Empowering wellness

Mark Senkevics on the importance of protecting the wellbeing of our people

Delivering, restoring and actively protecting the wellbeing of people, enterprises - or entire economies - is at the core of reinsurance, and the industry’s leaders are driving innovation and change in ways that is improving the health of individuals and companies around the world.

Mark Senkevics is Managing Director and Head of Australia and New Zealand, Swiss Reinsurance - a tenant partner of International Towers. He’s a respected and knowledgeable veteran of the industry who’s passionate about diversity and wellness.

What are some of the innovations enterprises are investing in to improve wellness?

The rapid development of technology has presented a number of opportunities for the insurance industry to think creatively about the health and wellbeing of our customers.

An exciting development in this area is wearable devices, why?  Wearables have already achieved mass appeal, in 2015 alone, 50 million wearable devices were shipped across the globe.  The information captured and measured on these devices has the potential to change the relationship paradigm - between consumers, medical professionals, employers and the insurance industry.

The depth and breadth of information gained through such technology advances is just one of a number of components in the health ecosystem but it is a key link between an individual and the necessary institution – such as a hospital and their insurer.

If we consider a customer who might have an insurance claim, they will often grapple with the complexity of the health system with the need to provide the same information to their doctors, specialist, employers and then to insurance companies. Technology enabled devices with centralised and accessible information will create a much more integrated, seamless (and less stressful) experience for the patient, their healthcare provider and insurer.

But the real excitement around these innovations isn’t just around the data or even the integration – but the ability to more closely connect individuals to a community and get them help even before a patient realises that they need it. Obviously there are privacy issues that must be considered in all of this and an area where regulation needs to ensure it’s kept up with technology.

Apart from proactive initiatives to improve wellness, what are the key ways companies can help facilitate faster recovery from unforeseen events, both for individuals and business units?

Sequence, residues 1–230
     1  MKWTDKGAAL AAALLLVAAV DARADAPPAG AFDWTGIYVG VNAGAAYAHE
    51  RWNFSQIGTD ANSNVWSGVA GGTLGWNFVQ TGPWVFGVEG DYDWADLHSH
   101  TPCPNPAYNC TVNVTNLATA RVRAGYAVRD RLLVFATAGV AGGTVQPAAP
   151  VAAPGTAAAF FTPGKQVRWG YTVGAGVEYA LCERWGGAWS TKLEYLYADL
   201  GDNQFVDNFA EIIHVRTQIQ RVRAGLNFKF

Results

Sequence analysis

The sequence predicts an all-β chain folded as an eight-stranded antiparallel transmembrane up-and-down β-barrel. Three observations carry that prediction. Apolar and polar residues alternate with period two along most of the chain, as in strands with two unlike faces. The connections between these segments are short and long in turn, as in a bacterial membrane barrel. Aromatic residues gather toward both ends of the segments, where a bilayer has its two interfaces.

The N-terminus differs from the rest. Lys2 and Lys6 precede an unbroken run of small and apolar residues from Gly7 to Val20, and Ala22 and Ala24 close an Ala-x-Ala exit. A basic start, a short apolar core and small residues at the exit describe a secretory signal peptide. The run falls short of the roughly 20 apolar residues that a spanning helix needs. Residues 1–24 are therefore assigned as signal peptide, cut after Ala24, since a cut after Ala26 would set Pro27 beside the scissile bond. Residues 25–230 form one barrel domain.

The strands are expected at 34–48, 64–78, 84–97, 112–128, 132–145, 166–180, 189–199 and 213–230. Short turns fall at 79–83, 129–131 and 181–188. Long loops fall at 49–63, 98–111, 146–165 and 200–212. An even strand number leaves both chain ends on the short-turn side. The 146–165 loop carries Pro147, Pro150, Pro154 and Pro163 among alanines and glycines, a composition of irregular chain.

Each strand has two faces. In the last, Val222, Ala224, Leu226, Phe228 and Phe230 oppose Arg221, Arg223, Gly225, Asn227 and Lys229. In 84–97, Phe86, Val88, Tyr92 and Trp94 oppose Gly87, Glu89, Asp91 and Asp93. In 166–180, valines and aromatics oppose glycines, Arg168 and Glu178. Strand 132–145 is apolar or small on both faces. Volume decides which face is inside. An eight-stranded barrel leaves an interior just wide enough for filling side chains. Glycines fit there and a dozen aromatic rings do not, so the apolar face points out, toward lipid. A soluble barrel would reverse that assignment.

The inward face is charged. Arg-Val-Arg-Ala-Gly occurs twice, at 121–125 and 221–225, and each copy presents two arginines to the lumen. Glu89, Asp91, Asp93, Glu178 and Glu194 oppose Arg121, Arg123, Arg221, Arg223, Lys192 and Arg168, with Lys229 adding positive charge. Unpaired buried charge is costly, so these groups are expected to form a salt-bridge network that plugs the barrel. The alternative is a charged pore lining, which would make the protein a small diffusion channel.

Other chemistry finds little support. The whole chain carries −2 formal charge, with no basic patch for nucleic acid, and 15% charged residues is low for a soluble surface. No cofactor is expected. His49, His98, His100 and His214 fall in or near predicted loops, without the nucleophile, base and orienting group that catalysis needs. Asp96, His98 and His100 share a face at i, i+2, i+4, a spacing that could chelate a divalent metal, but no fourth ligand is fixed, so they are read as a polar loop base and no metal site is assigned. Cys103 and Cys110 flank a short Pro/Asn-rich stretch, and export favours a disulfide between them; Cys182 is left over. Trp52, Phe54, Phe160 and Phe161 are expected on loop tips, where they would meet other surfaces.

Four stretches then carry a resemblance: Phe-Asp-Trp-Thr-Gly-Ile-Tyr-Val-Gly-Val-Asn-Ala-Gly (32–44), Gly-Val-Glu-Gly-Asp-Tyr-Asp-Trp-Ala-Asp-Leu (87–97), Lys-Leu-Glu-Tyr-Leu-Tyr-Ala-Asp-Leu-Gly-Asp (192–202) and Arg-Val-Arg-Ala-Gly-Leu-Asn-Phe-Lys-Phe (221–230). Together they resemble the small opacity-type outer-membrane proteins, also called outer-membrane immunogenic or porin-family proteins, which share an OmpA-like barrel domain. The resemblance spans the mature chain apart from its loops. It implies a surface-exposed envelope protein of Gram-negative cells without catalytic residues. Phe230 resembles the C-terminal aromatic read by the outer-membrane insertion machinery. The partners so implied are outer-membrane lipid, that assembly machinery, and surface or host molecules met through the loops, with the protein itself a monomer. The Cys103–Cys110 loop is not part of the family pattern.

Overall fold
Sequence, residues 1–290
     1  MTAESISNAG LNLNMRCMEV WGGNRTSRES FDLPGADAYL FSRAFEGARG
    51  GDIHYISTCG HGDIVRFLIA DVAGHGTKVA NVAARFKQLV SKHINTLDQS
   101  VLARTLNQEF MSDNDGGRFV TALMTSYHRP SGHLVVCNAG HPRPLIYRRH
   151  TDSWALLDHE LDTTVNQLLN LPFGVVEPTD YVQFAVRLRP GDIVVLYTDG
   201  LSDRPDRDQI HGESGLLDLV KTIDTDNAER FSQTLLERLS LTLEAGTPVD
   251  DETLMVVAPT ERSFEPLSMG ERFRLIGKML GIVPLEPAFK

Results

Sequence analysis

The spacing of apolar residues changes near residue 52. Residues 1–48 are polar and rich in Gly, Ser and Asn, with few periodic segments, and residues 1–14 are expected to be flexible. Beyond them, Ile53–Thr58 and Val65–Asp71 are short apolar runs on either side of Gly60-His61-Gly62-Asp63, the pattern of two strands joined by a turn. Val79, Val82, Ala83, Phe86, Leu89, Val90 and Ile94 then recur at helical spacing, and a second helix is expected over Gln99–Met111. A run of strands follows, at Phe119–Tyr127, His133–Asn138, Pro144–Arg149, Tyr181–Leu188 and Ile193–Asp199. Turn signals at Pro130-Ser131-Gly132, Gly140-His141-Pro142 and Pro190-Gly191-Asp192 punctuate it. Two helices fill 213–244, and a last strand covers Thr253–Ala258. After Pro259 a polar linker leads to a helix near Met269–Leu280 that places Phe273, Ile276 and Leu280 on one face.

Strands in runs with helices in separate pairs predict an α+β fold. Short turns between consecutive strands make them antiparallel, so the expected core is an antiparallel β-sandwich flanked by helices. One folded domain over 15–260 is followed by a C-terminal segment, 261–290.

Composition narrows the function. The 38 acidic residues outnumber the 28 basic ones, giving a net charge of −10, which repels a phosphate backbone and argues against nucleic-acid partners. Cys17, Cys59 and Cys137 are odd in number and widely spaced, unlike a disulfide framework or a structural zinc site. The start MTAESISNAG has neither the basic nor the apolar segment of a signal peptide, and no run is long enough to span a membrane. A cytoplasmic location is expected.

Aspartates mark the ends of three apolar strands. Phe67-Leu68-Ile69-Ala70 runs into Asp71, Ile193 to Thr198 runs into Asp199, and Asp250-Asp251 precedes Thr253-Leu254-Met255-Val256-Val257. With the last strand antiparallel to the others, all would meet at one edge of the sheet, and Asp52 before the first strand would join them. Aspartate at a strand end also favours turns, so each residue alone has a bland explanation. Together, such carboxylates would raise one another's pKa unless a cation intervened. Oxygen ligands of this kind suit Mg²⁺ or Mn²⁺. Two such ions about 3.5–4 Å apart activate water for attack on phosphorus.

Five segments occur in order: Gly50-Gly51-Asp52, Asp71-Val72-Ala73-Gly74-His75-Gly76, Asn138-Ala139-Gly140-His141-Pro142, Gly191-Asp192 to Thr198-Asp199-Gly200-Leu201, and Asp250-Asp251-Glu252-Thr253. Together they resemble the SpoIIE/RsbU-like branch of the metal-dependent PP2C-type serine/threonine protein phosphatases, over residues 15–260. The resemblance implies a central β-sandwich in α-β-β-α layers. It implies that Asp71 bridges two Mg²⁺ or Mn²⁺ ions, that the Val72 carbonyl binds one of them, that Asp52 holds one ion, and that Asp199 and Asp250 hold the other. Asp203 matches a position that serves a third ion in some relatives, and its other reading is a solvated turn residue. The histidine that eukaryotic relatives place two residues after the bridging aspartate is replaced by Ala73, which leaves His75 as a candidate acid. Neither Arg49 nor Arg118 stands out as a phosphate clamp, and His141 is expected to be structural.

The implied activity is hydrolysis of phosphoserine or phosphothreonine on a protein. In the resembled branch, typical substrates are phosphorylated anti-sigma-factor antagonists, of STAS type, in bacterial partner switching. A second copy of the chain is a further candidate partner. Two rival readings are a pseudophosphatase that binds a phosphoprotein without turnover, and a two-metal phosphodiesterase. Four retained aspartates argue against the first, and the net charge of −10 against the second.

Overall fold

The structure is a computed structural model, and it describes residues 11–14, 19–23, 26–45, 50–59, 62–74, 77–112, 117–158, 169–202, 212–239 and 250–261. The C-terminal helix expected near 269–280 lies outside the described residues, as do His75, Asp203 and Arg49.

We can all improve how we overcome adversity by building resilience – at the personal, industry and community level.

The insurance industry has traditionally had two major touch points with its customers, when the policy is purchased and at the time of an event when a claim is made. However, there are questions as to whether this delivers an optimal outcome for the customer. The industry is changing, and insurers are becoming more proactive and participating in their customers’ journey. 

Take an insurer’s approach to personal injury or workers compensation as an example. The traditional approach suggests that when the customers submits a claim the insurer will pay an amount to ‘compensate’ the customer. But there is an emerging school of thought suggesting that occupational rehabilitation support, in conjunction with the financial benefit payment not only helps the individual get back on their feet faster but also serves to build their personal resilience. The research also advocates that connectivity to the workplace actually improves the recovery process, leaving the injured not only financially better off but also improves their physical and psychological wellbeing.

Our recently published report Rehabilitation Watch showed that insurers are evolving with rehabilitation support for disability insurance customers increasing three folds over the past three years, in recognition of the positive affect that rehabilitation has on the customer’s wellness and health outcomes.

For the full story plus many others, visit us at Two or Three International Towers and pick up a hard copy of the second edition of our It. publication.

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